`star` Commensalism
`star` Mutualism
`star` Sexual Deceit


● This is the `color{violet}("interaction")` in which one species benefits and the other is `color{brown}("neither harmed nor benefited.")`

● An `color{brown}("orchid ")`growing as an `color{brown}("epiphyte")` on a `color{brown}("mango")` branch, and `color{brown}("barnacles ")` growing on the back of a `color{brown}("whale ")` benefit while neither the `color{violet}("mango tree")` nor the `color{violet}("whale derives")` any apparent benefit.

● The `color{brown}("cattle egret")` and `color{brown}("grazing cattle ")` in close association, a sight you are most likely to catch if you live in
`color{violet}("farmed rural areas")`, is a classic example of commensalism.

● The `color{violet}("egrets")` always forage close to where the `color{violet}("cattle are grazing")` because the `color(violet}("cattle")`, as they move, stir up and `color{violet}("flush out")` from the vegetation insects that otherwise might be difficult for the `color{violet}("egrets")` to find and catch.

● Another example of `color{violet}("commensalism")` is the `color{violet}("interaction")` between `color{brown}("sea anemone ")` that has stinging tentacles and the `color{brown}("clown fish ")` that lives among them.

● The `color{violet}("fish")` gets protection from `color{violet}("predators")` which stay away from the stinging tentacles.

● The anemone does not appear to derive any benefit by hosting the `color{violet}("clown fish")`.


● This `color{violet}("interaction")` confers `color{brown}("benefits on both")` the interacting species.

● Lichens represent an `color{violet}("intimate mutualistic")` relationship between a `color{violet}("fungus")` and `color{violet}("photosynthesising")` algae or cyanobacteria.

● Similarly, the `color{brown}("mycorrhizae")` are associations between `color{violet}("fungi")` and the roots of `color{violet}("higher plants")`.

● The `color{violet}("fungi")` help the `color{violet}("plant")` in the absorption of `color{violet}("essential nutrients")` from the `color{violet}("soil")` while the plant in turn provides the `color{violet}("fungi")` with `color{violet}("energy-yielding")` carbohydrates.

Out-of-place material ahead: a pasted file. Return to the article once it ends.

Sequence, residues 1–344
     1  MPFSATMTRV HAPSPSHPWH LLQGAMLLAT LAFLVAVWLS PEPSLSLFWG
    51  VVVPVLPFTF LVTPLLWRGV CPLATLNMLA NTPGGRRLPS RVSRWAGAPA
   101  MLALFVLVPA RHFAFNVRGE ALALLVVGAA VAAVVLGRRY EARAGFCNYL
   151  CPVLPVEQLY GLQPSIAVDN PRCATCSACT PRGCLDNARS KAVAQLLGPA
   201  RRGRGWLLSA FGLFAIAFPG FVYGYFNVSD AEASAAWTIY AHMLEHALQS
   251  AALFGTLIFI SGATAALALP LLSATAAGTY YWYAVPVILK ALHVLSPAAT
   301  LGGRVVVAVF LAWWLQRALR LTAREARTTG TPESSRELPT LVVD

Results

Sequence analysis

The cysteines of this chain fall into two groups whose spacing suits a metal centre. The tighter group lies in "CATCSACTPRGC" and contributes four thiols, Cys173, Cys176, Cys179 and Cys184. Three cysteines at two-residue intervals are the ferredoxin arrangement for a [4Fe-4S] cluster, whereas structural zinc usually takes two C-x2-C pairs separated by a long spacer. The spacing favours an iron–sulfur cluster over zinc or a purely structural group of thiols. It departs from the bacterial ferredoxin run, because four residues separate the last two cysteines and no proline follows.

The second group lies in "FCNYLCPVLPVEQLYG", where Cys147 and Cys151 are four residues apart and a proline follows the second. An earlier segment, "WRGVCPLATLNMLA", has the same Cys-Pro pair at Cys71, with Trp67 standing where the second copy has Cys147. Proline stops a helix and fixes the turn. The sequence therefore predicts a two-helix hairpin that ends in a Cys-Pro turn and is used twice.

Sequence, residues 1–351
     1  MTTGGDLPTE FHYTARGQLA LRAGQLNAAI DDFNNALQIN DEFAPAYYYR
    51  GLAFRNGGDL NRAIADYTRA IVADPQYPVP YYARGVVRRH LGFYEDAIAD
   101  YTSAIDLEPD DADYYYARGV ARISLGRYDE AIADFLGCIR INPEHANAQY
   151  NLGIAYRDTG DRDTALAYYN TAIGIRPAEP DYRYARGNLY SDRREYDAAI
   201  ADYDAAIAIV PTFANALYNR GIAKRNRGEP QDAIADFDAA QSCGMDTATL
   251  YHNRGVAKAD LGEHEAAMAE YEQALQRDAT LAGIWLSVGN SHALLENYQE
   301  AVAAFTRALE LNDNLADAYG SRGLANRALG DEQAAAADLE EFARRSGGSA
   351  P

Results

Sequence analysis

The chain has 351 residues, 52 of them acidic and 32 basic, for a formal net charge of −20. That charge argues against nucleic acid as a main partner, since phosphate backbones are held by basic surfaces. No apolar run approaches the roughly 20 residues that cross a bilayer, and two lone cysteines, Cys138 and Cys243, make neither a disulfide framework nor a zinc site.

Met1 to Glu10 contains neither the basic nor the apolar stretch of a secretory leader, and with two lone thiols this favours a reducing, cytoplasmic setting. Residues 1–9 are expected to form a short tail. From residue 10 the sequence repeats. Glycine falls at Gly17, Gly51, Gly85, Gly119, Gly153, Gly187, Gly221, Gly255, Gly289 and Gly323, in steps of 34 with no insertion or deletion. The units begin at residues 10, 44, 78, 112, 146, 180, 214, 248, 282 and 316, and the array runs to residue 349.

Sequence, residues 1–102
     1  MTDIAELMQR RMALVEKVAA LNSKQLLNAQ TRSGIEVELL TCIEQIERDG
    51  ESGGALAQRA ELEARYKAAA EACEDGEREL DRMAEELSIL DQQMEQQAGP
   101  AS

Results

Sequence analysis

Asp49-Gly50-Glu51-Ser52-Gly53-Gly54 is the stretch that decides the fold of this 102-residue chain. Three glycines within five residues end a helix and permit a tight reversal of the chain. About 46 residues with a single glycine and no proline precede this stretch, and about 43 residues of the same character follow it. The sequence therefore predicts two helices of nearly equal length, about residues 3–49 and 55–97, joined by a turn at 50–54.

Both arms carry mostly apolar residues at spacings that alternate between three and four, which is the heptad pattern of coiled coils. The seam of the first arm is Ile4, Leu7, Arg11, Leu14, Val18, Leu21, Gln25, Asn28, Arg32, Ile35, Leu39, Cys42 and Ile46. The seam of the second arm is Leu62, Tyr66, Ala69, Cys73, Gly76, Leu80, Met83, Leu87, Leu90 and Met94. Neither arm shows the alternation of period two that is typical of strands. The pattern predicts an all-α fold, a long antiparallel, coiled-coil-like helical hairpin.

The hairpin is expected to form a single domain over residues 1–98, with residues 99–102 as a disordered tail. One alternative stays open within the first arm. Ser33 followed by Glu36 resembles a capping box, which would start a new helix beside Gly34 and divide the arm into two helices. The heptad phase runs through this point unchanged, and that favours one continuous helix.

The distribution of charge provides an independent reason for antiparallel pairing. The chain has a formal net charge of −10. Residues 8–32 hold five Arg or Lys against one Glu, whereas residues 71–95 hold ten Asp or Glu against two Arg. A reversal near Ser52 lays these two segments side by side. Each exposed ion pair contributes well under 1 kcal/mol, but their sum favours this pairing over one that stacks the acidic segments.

● The most `color{violet}("spectacular")` and `color{violet}("evolutionarily")` fascinating examples of `color{violet}("mutualism")` are found in plant-animal relationships.

● `color{violet}("Plants")` need the help of `color{violet}("animals")` for pollinating their flowers and dispersing their seeds.

● `color{violet}("Animals")` obviously have to be paid `color{brown}("‘fees’")` for the services that `color{violet}("plants")` expect from them.

● Plants offer rewards or `color{violet}("fees")` in the form of `color{violet}("pollen")` and `color{violet}("nectar")` for pollinators and `color{violet}("juicy")` and `color{violet}("nutritious fruits")` for seed dispersers.

● But the mutually beneficial system should also be safeguarded against`color{brown}(" ‘cheaters’,")` for example, animals that try to `color{violet}("steal nectar")` without `color{violet}("aiding in pollination.")`

● Now you can see why `color{violet}("plant-animal interactions")` often involve `color{brown}("co-evolution")` of the mutualists, that is, the `color{violet}("evolutions")` of the flower and its `color{violet}("pollinator")` species are tightly linked with one another.

● In many species of `color{violet}("fig trees")`, there is a tight `color{brown}("one-to-one relationship")` with the `color{violet}("pollinator")` species of wasp.

● It means that a given fig species can be `color{violet}("pollinated")` only by its `color{violet}("‘partner’")` wasp species and no other species.

● The `color{violet}("female wasp")` uses the fruit not only as an `color{violet}("oviposition (egg-laying)")` site but uses the developing seeds within the fruit for nourishing its larvae


● `color{brown}("Orchids")` show a `color{violet}("bewildering diversity"` of floral patterns many of which have evolved to attract the right pollinator insect `color{violet}("bees and bumblebees")` and ensure guaranteed `color{violet}("pollination")` by it.

● Not all orchids offer rewards.

● The Mediterranean orchid `color{brown}("𝘖𝘱𝘩𝘳𝘺𝘴")` employs `color{brown}("‘sexual deceit’")` to get `color{violet}("pollination")` done by a species of bee.

● One petal of its `color{violet}("flower bears")` an uncanny resemblance to the female of the bee in size, colour and markings.

● The `color{violet}("male bee")` is attracted to what it perceives as a female, `color{brown}("‘pseudocopulates’")` with the flower, and
during that process is `color{violet}("dusted")` with pollen from the flower.

● When this same bee `color{violet}("‘pseudocopulates’")` with another flower, it `color{violet}("transfers pollen")` to it and thus, pollinates the flower.

● Here we can see how `color{brown}("co-evolution")` operates.

● If the `color{violet}("female bee’s")` colour patterns change even slightly for any reason during `color{violet}("evolution, pollination")` success will be reduced unless the `color{violet}("orchid flower co-evolves")` to maintain the resemblance of its petal to the `color{violet}("female bee.")`